Another thing I believe about consumer applications that make it is that they capture lightning in a bottle, and there is very little a team can do to fuck things up. Once the lighting is captured, even if you try to deliberately sabotage the thing, you can’t prevent it from growing. We sold GroupMe to Skype, and from what I’m told this was absolutely the case at Skype early on. It was a mess, but that product was going to catch fire no matter how dysfunctional things were. Twitter was the same way. And when I joined tumblr, there was very little the team could do to prevent its success. Constant downtime was never a deterrent. When you strike the chord it’s nearly impossible to dampen the vibration.

This isn’t to say that the early teams behind these companies were not good or deserving. They were. It’s hard to build new things and that alone is a feat. But it is to say that luck is critical, and that when you tap into something powerful it assumes a life of its own that you really can’t control. That’s the beauty of social. When something works, it really works. It’s the one place where product market fit means that even if you try, you cannot destroy your creation.

Musical Group Improvisation

Marc Rebillet is one of my favorite new artists I discovered in the past several years. His energy is infectious, he exudes nothing but positive vibes and fun, and he’s a musical improvisational genius. Normally he does solo live shows that he streams on YouTube (you can check them out here) where he messes around for an hour wearing nothing but a robe and some boxer briefs. It’s quite a shtick to say the least. But where he really begins to shine is when he improvises with other talented musicians. The first time I really saw this was in this video of him, Reggie Watts, and Flying Lotus.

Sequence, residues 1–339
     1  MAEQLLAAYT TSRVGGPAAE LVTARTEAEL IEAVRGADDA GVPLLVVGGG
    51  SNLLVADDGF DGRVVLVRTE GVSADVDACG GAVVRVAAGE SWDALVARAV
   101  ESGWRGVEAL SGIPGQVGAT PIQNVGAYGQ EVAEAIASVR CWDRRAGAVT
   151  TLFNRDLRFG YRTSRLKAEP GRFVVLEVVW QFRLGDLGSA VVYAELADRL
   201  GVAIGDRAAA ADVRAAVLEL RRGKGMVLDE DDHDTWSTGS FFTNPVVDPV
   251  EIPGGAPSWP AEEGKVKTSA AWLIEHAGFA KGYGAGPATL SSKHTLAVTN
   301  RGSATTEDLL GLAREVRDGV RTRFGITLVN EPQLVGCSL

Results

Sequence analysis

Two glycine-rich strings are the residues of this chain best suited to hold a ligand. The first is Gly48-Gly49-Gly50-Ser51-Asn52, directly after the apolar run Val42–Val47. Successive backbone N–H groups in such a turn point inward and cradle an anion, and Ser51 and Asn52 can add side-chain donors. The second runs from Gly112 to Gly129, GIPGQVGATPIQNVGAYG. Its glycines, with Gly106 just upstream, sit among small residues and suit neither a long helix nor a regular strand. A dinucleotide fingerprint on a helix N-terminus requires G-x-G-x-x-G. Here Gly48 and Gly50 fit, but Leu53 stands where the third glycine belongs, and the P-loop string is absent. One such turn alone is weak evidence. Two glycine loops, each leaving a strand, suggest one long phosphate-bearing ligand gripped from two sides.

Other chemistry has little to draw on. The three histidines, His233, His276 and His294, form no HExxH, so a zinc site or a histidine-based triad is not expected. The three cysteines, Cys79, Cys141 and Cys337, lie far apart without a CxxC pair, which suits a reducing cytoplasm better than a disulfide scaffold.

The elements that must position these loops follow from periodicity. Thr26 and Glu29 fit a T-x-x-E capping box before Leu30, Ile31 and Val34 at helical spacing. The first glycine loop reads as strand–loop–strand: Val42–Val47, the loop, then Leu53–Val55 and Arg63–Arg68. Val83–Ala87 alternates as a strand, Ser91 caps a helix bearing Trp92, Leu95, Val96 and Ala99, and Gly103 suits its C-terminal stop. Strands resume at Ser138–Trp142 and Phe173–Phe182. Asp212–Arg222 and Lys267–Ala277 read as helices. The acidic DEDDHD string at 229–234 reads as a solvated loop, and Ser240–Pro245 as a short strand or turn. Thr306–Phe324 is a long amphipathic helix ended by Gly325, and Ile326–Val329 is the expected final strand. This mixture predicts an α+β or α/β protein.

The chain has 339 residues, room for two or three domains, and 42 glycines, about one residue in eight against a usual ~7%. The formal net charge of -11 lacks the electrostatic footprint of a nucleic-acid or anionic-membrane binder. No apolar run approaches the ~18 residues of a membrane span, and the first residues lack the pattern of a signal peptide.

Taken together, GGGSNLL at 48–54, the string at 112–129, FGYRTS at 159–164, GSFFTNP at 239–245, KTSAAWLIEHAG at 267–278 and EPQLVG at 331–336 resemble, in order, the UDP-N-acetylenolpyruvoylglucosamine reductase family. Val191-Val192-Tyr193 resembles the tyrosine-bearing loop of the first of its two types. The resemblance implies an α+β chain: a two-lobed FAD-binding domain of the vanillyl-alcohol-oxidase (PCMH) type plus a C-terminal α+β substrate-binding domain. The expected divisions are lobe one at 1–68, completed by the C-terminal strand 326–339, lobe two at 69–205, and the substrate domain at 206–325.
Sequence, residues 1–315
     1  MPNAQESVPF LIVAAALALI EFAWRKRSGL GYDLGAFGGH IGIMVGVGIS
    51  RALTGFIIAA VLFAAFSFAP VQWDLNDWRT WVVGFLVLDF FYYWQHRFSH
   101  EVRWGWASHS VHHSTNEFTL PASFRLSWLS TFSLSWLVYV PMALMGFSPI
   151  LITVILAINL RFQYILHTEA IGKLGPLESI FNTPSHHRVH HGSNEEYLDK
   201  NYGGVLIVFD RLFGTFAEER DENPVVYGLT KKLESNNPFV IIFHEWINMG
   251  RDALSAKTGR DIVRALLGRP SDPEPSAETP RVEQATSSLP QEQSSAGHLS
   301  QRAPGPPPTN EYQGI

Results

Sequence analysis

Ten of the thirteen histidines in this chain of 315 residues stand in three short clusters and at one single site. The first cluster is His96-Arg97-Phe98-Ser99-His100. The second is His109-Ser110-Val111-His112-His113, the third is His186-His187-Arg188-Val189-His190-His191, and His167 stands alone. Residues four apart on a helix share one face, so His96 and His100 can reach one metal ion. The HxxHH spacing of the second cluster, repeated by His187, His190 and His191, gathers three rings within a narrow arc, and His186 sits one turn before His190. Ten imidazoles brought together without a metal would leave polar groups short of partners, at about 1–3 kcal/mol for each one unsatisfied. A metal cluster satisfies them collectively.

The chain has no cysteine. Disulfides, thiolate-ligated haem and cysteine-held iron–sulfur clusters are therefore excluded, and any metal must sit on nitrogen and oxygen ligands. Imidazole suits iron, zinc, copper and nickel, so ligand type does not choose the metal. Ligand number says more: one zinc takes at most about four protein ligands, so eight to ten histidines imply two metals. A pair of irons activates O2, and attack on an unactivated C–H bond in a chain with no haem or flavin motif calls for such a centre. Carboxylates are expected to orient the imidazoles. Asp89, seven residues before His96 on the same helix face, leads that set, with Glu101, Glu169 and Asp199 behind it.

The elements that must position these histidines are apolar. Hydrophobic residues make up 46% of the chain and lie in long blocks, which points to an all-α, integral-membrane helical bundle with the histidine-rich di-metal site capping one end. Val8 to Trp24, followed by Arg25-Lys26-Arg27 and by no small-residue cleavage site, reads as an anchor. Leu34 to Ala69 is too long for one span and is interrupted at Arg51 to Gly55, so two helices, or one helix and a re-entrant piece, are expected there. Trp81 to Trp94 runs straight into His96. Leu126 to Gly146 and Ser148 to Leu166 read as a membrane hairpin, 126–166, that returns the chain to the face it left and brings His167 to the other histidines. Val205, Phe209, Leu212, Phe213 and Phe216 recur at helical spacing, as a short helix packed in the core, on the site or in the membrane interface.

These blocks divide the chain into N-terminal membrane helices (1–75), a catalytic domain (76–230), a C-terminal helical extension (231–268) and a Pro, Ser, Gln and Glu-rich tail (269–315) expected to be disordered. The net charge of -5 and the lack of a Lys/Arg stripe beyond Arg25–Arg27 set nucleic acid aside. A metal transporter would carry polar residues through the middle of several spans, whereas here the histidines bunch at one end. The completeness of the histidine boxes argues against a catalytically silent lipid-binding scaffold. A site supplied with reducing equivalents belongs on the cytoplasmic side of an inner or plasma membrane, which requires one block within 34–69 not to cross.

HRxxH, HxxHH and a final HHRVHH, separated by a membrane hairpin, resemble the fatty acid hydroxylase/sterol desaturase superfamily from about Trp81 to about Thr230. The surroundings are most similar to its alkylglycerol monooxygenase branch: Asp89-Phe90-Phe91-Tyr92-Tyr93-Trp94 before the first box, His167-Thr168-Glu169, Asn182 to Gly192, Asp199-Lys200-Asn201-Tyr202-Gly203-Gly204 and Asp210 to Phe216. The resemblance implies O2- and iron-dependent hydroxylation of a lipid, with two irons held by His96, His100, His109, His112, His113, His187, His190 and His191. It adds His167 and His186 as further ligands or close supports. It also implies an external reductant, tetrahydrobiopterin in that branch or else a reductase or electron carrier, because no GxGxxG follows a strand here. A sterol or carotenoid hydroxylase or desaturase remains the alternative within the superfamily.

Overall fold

Earlier this week I stumbled on a new collaboration he did with Reggie Watts and Erykah Badu. It’s exceptional. If you want a taste for what it’s all about, start watching at the 17:50 mark (for around 10 minutes), and then again at the 34:30 mark.

I am a huge fan of musical improvisation. My favorite live bands, Phish and The Disco Biscuits, all focus on group improvisation. There’s something uniquely incredible about a group of people making something out of nothing, listening and riffing off one another, and having both the patience and courage to explore uncharted territories together. But when it works, when the group gives it enough time to breathe and evolve, something magical happens. Something spectacular is extemporaneously created out of absolutely nothing.

There are several things I love about this segment with Marc, Erykah and Reggie. First, they’re all remarkably talented musicians in their own right. Second, they are so authentically themselves. They give approximately zero fucks that there are cameras recording them. They just exist in the moment, bringing their uniqueness to the melting pot. And last, this really exemplifies the power of group improvisation. They begin with a prompt – a monkey shaped instrument that makes animal noises – and they fully embrace the weirdness, exploring the motif as they voyage across a whole slew of different musical genres. They’re patient and fearlessly explore where the moment takes them. For me, that’s the purest thing about music, and it’s the thing I enjoy the most about it. Because when it works, magic is real.